This seems to indicate that we may be crying "wolf" way too soon. Sure there is a dropoff in the consumer film market but it is by no means disappearing anytime in the near future. Those who say it will be almost ogne or wholly gone in 20 years may be right but the chart would not indicate it will go away in the next ten years.

I hope this provides some more food for thought.

Ling Z
14-Jan-2004, 11:31
I just read the Reuters coverage, it looks like Kodak will continue to make film, and will even introduce more high-performance films ...

Kodak will still make film for existing Advantix and other cameras, and intends to introduce new high-performance 35 millimeter and Advanced Photo System films next month.

Camera makers typically make little profit -- or lose money -- on hardware, but enjoy strong margins from sales of supplies such as film and paper which much be replaced frequently.

14-Jan-2004, 11:46
When was the last time Kodak produced a LF camera? Seems to be many many years since kodak put their name on a LF camera, but we still have kodak paper and film.

Philippe Gauthier
14-Jan-2004, 11:48
I think that the prevoius poster is right. The annoucement concerns only the US (Kodak might transfer film cameras manufacturing in other markets) and the release actually says they'll release new, improved emulsions for both APS and 35 mm film cameras.

Even though film is doomed to become a marginal, niche product on the long run, I think that the rumors of its imminent death have been greatly exagerated. In the UK market, for instance, bad consumer film like Konica saw its sales increasing by more than 12% in 2003.

Market news are heavily focused on digital camera sales for obvious marketing reasons, but national markets can behave differently and the film cameras that are already on the market aren't all collecting dust in closets. There are several trends and they don't all favor a quick transition to digital.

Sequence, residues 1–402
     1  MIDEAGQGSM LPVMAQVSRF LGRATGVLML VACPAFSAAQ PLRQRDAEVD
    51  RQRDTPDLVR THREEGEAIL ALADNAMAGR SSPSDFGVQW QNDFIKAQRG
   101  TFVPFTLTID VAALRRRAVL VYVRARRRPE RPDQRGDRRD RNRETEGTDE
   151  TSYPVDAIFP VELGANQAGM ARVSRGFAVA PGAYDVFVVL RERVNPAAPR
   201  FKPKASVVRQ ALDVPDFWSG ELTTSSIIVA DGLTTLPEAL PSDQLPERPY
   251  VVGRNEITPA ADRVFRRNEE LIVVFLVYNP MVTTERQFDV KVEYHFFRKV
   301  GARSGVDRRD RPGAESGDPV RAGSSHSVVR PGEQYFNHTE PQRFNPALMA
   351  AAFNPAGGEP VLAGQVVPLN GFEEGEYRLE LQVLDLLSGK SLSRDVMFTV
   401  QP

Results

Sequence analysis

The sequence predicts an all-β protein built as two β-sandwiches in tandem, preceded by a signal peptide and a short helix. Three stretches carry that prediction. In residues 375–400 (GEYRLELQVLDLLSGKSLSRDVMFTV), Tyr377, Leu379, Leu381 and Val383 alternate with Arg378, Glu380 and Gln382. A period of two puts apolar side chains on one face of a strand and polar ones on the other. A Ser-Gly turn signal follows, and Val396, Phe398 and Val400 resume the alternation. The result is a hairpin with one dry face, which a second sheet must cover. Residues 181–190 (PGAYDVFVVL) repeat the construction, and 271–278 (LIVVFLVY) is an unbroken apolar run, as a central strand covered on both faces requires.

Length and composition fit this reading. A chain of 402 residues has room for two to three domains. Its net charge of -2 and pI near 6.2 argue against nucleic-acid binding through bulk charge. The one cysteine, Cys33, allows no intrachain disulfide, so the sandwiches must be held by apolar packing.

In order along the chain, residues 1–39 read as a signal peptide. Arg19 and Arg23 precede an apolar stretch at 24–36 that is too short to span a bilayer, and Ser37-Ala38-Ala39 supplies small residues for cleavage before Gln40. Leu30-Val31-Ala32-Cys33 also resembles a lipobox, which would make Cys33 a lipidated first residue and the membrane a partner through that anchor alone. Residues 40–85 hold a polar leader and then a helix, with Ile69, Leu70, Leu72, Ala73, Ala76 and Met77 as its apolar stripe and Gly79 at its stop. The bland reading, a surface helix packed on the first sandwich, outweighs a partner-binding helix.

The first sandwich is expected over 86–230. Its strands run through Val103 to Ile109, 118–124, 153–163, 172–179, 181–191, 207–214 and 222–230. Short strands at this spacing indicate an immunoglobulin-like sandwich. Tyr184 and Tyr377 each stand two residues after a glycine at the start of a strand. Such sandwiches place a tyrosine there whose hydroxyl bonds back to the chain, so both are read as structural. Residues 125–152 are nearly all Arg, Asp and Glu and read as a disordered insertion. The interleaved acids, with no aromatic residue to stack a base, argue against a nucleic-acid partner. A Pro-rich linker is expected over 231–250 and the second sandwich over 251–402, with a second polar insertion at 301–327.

Kodak is in bad shape, but film is still alive.

David Richhart
14-Jan-2004, 17:44
I think that John Kasian gave the best report to this post. I think film will survive, though you will have to check other scources. The sad part is the loss of jobs for the employees...

Can a film factory be a sweatshop too???

14-Jan-2004, 23:58
When you say film-based cameras do you mean those disposable cardboard things with plastic lenses that people buy when they forget their camera on vacation?? If so, then good for them! There are far superior digital alternatives to this. I don't see how this is relevant to the continued manufacturing of professional films such as sheet film......seems like a different market to me.

Ted Harris
15-Jan-2004, 10:52
Yesterday's article in the Financial Times said that they were discontinuing the manufacture of all disposable cameras and msot APS cameras. Of course, I believe that is all the film cameras they make these days. In fact, since they discontinued production of the Retina Reflex sometime in the early 1970's have they made ANY film cameras except these low end offerings? The FT article went on to point out that the margins on cameras are very small while those on film are substantial.

Christopher Condit
16-Jan-2004, 00:28
I just thank my lucky stars that I live in this in-between era, where I can still buy Tri-X sheet film, and also can buy wonderful hi-tech LF cameras, made of space-age materials.

A few months back I bought some 25-year-old 8x10 Kodak Ektachrome for a song, and dang if the stuff isn't still perfectly good.

When my favorites are discontinued, if I am not convinced there are adequate alternatives, then I will buy a little freezer and fill it up. I wonder what my favorites will be, ten years from now? Maybe TechPan. If I win the lotto...